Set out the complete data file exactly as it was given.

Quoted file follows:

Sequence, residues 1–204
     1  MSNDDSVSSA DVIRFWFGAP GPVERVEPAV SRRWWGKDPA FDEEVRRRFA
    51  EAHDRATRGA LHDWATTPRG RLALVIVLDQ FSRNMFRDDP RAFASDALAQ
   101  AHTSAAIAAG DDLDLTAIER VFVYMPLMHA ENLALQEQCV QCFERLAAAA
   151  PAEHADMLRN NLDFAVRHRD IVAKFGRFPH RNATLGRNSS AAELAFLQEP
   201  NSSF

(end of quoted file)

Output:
Sequence, residues 1–204
     1  MSNDDSVSSA DVIRFWFGAP GPVERVEPAV SRRWWGKDPA FDEEVRRRFA
    51  EAHDRATRGA LHDWATTPRG RLALVIVLDQ FSRNMFRDDP RAFASDALAQ
   101  AHTSAAIAAG DDLDLTAIER VFVYMPLMHA ENLALQEQCV QCFERLAAAA
   151  PAEHADMLRN NLDFAVRHRD IVAKFGRFPH RNATLGRNSS AAELAFLQEP
   201  NSSF